Just last night I had a dream of having returned to homeland for a visit and so consciously enjoying the freedom of doing and consuming what you want.

Blessings to you in the western hemisphere where a lot of ancient backwardedness has been overcomed!

And how I envy you for the scents, specialities and amtosphere of this time of the year!
( All I can see from that is a pretty well taken off "Dresdener Stollen" [ a Christmas cake ] that is bakened by a single shop once opened here by a German. Can´t wait for them to start seasons production!)

Should the world one day finally reach to letting behind all the sorts of mysthicisms in order of fully focussing on urgent entity; the Christmas procedure however should stay preserved, just for being the most lavish and atmospheric fest ever.
Nothing comes even close to its sensational richness.

Sniff some Christmas tree, some mulled wine, cookies, spices and roast for me.
And embrace some really loveable individual who would not trade you for whatever kind of money in the world.

Ruphus

PS:
I turns me off completely to see the industry encreasingly inflating this fest, and taking all of its magic away from the kids.
With commercial Christmas hurly-burly meanwhile starting in October. WTF?!
  REPORT THIS POST AS INAPPROPRIATE |  Date Dec. 15 2011 12:03:19
 
odinz

Posts: 407
Joined: May 26 2010
From: Sarpsborg,Norway

RE: What Superman feels like when he... (in reply to Ruphus

quote:

Ruphus

PS:
I turns me off completely to see the industry encreasingly inflating this fest, and taking all of its magic away from the kids.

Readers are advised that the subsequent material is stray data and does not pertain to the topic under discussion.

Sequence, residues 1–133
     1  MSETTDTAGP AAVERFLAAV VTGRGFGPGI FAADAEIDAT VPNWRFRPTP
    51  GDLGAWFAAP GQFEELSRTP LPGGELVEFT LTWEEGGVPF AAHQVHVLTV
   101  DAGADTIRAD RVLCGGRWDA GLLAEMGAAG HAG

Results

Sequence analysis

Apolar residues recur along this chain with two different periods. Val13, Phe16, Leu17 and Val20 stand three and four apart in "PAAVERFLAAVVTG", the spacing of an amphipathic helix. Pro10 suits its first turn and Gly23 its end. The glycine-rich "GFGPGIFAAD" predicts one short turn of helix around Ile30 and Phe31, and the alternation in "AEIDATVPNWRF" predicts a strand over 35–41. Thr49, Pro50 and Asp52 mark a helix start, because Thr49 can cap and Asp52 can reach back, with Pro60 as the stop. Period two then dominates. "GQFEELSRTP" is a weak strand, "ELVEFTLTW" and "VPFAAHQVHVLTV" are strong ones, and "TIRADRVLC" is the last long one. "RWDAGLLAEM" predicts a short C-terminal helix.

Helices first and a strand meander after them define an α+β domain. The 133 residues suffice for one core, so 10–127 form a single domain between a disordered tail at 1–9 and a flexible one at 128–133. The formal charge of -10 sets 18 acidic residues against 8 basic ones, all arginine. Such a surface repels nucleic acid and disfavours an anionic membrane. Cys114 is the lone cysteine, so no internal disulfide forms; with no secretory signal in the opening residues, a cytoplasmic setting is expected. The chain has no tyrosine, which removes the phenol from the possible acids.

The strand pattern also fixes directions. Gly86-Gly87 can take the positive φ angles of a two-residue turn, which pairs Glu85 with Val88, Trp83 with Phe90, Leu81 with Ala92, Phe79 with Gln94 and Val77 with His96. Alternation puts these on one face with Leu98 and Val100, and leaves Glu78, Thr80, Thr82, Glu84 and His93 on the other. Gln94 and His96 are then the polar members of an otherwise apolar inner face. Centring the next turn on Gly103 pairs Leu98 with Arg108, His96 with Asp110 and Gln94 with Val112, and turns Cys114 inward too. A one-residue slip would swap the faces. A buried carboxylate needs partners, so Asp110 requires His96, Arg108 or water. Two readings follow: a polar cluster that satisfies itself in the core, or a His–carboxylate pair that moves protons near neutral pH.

With commercial Christmas hurly-burly meanwhile starting in October. WTF?!


Agree completely Ruphus, I have a sort of niece I guess you can say(Im not an uncle because im not married into that family yet)

She Is absolutely influenced by these commercials, and not only that, christmas has become a very buying fixated part of the year..


But still there are alot of great things!
In my local town there is a walking street that they have decorated, and you can smell all the nice smells, there is alot of cinnamon and nutmeg smell, and also delicious dinner smells!

And since it is dark allways, the christmas lights people hang up makes the houses and towns feel very special, the mood is a brown colour mood..

By the way, where is your homeland?

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  REPORT THIS POST AS INAPPROPRIATE |  Date Dec. 15 2011 15:00:55
 
Ruphus

Posts: 3782
Joined: Nov. 18 2010
 

RE: What Superman feels like when he... (in reply to rombsix

Germany.

Ruphus
  REPORT THIS POST AS INAPPROPRIATE |  Date Dec. 15 2011 15:06:57
 
Richard Jernigan

Posts: 3435
Joined: Jan. 20 2004
From: Austin, Texas USA

RE: What Superman feels like when he... (in reply to Ruphus

quote:

ORIGINAL: Ruphus